New Holden HQ has VoIP under the bonnet

Summary:Holden has turned to Voice over Internet Protocol (VoIP) as the centrepiece of a technology-driven upgrade designed to boost employee productivity. The VoIP implementation is based on a Cisco solution implemented by vendor partners Optus and IBM subsidiary Cerulean.

Holden has turned to Voice over Internet Protocol (VoIP) as the centrepiece of a technology-driven upgrade designed to boost employee productivity.

The VoIP implementation is based on a Cisco solution implemented by vendor partners Optus and IBM subsidiary Cerulean. The network core is also composed of Cisco equipment, although it was built by outsourcer EDS. AT&T provided the wide area network (WAN) services.

Holden's VoIP project was one of two announced yesterday by Cisco, the other being a deployment of 4,500 phones at Geelong-based Deakin University. The university plans to use the technology's advanced features like video conferencing, but a spokesperson was not immediately available to comment on the rollout.

Holden's technology efforts -- including the VoIP project -- are centred on its new Port Melbourne-based state of the art headquarters. The new facility has been operational since May, but Holden's IT team had been planning the technology infrastructure since mid-2003, according to an internal case study document. It houses around 1,500 employees who had previously been spread around six or seven separate buildings.

Jaydeep Solanki, the Holden manager in charge of the overall program and author of the case study, said the switch to IP-based telephony had delivered greater freedom when rearranging employees' roles.

"For example, the flexibility of IP communications has meant we can easily reconfigure a team of two or three hundred people," he said in a statement.

The executive told ZDNet Australia while the project had encountered "teething problems" in areas such as hardware configuration, these were ironed out during an initial two-week pilot project involving some 30 employees.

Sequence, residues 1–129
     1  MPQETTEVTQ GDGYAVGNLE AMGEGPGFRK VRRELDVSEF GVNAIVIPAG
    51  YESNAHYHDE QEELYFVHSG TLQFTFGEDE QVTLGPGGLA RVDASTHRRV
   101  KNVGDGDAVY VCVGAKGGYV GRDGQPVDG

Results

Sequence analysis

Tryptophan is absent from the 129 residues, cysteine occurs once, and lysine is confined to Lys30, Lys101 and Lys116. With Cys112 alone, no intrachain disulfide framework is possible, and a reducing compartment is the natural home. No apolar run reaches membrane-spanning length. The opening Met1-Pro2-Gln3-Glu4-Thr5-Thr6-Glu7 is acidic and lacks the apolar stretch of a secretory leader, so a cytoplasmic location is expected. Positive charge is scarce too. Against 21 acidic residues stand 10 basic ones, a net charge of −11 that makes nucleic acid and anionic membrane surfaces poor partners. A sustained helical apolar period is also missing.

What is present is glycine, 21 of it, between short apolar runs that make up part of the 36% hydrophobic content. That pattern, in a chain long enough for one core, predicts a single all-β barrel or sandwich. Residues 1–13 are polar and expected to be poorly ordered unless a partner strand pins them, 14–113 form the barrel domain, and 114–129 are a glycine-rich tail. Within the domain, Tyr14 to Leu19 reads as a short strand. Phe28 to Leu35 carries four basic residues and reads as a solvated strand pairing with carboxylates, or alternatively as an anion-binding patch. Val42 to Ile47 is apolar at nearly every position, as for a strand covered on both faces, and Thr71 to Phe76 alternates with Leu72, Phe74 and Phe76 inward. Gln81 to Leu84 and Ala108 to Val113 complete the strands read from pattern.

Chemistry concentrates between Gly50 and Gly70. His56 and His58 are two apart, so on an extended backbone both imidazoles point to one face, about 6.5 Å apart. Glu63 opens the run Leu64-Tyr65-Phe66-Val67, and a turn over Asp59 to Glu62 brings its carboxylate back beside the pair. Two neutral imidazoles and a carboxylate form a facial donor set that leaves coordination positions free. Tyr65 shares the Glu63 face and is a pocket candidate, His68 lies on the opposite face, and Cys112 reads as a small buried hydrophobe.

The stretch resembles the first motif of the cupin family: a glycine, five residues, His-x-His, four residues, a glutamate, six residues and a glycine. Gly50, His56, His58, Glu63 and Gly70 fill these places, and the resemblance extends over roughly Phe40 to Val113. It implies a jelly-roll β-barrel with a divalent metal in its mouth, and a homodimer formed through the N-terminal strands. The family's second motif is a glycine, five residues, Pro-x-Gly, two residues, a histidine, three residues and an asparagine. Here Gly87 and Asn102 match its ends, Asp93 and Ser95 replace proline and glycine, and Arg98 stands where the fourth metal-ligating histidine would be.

"There were no major issues," he said, acknowledging the project had received support from two Cisco engineers flown over from its parent General Motors' head office in Detroit.

Solanki said employees were moved into the building and onto the phone system in weekly batches of 200, starting in May and lasting about eight weeks.

While Cisco eventually won the right to provide the hardware for the project, Solanki revealed his company had negotiated with both the vendor and its archrival Nortel.

"They were neck and neck," he said, adding that in the end Cisco had "a slight technical advantage over Nortel".

While the VoIP solution will initially be used for basic IP telephony and call centre functionality, Holden is also examining the potential to add videoconferencing into its arsenal.

Holden's technology showpiece also includes 17" Hewlett-Packard LCD monitors supplied by Volante, a centralised room booking system based on Lotus Notes, sensor-driven lighting, and multi-function printers from Fuji Xerox that can also photocopy, scan and fax pages. The devices eliminate paper-based faxing due to their integration with Holden's e-mail systems.

Meeting rooms were also equipped with audio-visual equipment from IBS AV in an effort to further eliminate paper use. Consultancy Ajilon was also brought in to assist with technology program management.

The human factor
Acknowledging its workforce needed motivation to get used to the new technology, Holden turned over leadership in this respect to its human resources department, who appointed a dedicated change manager to work with the technologists.

In addition, each department appointed their own change coordinator -- a total of 26. Those staff started meeting fortnightly and later weekly to coordinate their efforts.

An internal Web site was established to provide information to employees about their future workplace, and top-level buy-in was proven through a bi-monthly bulletin sent from Holden's local managing director to all employees.

But it wasn't all roses for Holden's employees -- they each faced mandatory technology training from Pollak Learning Alliance before they were even allowed to step foot in their new building. A particular sticking point proved to be the need to give away personal or departmental printers, fax machines and meeting rooms in favour of shared resources.

However ultimately Holden's efforts in this area paid off. "The communication plan worked and all employees had enough clarity on what to expect ... it helped create a good enthusiasm about the prospect of moving into a brand new office," wrote Solanki in his case study.

Renai LeMay travelled to Cisco's Networkers conference on the Gold Coast as a guest of Cisco.

Topics: Telcos, Cisco, Networking, Optus, Outsourcing, Unified Comms

Kick off your day with ZDNet's daily email newsletter. It's the freshest tech news and opinion, served hot. Get it.

Related Stories

The best of ZDNet, delivered

You have been successfully signed up. To sign up for more newsletters or to manage your account, visit the Newsletter Subscription Center.
Subscription failed.